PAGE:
From Boat to Table
Using objects, text, photographs, audio, and video, this interactive exhibit allows visitors to learn about all aspects of the seafood industry. Each section of the exhibit includes a look at changes over time with historical artifacts that speak to “back when.”
Gearing Up presents the shoreside work involved in getting a vessel ready for fishing from vessel construction and the design and manufacture of nets and dredges to taking on fuel, ice, and provisions. Visitors can try mending a section of net and develop a grub list – a shopping list to feed their crew.
At Sea explores daily life aboard a fishing vessel including all aspects of the work, the use of technology for navigation and communication, and the importance of safety, as well as the experience of cooking, eating, and sleeping at sea. A wheelhouse creates a sense of shipboard life. A dress up area allows visitors to don fisherman’s clothing.
Sustaining the Resource provides an overview of industry efforts to ensure a healthy and plentiful resource including cooperative research which combines skills and knowledge of fishermen and scientists, advancements in technology, and gear modifications to allow for greater selectivity and reduced by-catch.
Landing the Catch follows the seafood from fish hold to auction, to processing plant, and finally to market. A seafood recipe exchange collects and disseminates community recipes. Settlement sheets from the 1960s and today illustrate changing economics.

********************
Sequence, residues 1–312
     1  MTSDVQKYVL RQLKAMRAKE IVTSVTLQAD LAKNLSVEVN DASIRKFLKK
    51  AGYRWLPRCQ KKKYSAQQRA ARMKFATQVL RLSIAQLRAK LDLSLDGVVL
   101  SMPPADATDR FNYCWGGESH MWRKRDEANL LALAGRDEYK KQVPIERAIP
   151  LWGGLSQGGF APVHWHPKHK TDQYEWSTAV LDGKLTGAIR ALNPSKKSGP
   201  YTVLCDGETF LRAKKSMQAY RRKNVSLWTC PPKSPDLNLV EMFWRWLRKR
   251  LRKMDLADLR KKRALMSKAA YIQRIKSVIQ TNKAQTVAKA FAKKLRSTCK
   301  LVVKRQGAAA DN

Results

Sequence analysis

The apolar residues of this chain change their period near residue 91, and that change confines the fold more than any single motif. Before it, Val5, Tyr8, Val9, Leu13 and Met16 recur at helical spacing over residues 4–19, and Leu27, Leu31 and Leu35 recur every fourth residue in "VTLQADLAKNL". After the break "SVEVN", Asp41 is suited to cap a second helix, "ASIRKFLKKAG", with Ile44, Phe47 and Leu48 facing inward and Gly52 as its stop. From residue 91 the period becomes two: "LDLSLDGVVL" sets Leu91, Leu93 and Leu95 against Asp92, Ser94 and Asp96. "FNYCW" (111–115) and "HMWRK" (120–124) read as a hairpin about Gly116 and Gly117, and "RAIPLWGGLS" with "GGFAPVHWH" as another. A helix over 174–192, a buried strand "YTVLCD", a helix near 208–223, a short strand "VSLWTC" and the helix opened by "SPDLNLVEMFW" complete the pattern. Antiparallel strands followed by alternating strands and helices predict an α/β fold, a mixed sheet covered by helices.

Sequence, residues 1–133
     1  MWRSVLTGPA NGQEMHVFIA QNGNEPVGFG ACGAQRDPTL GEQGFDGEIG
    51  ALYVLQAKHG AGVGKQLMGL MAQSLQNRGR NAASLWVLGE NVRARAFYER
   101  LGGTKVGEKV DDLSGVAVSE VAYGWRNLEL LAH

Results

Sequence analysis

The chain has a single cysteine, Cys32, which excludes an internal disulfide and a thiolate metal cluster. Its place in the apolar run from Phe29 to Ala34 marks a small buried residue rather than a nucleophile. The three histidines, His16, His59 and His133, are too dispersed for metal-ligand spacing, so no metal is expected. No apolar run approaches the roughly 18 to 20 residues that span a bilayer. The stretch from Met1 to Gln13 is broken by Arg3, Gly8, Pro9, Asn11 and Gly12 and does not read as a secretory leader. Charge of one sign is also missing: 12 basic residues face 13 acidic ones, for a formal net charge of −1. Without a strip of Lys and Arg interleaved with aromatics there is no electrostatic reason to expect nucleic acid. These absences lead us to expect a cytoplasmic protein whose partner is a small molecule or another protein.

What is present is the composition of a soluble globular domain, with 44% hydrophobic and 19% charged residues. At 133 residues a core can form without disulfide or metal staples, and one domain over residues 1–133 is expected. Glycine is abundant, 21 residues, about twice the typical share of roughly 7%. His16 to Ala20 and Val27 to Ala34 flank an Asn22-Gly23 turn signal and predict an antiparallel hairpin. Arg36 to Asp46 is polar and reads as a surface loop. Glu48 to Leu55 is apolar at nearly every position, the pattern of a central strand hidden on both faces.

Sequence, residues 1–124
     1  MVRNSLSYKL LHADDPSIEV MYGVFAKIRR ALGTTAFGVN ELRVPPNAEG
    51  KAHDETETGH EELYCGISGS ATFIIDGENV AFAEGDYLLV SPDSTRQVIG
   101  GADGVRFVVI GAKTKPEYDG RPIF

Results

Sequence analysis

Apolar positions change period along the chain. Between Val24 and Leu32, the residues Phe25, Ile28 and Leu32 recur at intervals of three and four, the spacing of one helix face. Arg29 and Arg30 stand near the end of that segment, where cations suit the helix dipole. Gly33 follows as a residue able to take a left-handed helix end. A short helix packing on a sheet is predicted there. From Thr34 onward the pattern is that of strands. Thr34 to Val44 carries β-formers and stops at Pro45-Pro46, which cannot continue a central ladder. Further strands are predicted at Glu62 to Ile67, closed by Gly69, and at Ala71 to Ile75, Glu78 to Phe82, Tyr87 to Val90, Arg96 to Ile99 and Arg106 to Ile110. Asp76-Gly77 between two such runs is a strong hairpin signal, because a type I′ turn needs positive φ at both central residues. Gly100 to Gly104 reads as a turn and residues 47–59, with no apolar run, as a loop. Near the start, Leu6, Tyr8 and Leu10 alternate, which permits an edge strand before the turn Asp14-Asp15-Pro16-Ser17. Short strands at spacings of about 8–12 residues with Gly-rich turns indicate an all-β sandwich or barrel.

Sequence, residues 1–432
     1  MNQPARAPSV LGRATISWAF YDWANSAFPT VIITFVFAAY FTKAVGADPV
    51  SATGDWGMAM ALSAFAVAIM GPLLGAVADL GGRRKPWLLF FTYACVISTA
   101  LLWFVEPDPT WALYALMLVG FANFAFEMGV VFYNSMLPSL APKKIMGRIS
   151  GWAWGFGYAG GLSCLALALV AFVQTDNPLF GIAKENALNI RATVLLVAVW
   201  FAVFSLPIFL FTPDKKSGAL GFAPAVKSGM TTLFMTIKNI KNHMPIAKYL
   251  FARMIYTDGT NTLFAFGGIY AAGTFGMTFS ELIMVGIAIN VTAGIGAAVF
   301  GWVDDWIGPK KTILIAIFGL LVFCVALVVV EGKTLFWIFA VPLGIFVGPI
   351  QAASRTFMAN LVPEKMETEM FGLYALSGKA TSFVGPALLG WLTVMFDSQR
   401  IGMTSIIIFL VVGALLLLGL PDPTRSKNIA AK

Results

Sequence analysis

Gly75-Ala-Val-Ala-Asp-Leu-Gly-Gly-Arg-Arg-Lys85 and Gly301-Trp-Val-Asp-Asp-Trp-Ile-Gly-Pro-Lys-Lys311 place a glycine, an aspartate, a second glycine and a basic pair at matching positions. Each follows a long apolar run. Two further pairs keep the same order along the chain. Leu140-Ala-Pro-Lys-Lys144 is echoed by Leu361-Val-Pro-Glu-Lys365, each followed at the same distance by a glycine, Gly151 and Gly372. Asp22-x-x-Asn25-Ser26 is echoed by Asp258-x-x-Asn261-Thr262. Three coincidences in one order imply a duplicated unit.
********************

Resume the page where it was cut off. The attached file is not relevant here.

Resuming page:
The Fish News allows visitors to listen a broadcast by local radio personality Bill Brennan. For over 20 years, Fish News was a vital link between sea and shore. Listen to excerpts from a 1983 broadcast and browse our library of commercial fishing books and current and back issues of industry trade papers.
We Came to Fish, We Came to Work: Stories of Immigration
The Port of New Bedford has long drawn immigrants from around the world. Despite differences in language and culture, a highly-valued fishing industry developed, drawing on the strengths of immigrants from all over the world including Norway, Cape Verde, Guatemala, Nova Scotia, Vietnam, and Portugal. We Came to Fish, We Came to Work: Stories of Immigration explores stories of immigration and cultural heritage on New Bedford’s working waterfront.
Over the next 8 months, we will look at cultural heritage through a variety of programs including film screenings, cooking and craft demos, performances, and talks, which will be offered virtually until we are able to re-open the Center.
The Center’s 2020 exhibits and programs are funded by the National Endowment for the Arts, the Creative Commonwealth Initiative, and the Dartmouth, Fairhaven, Mattapoisett, and New Bedford Cultural Councils.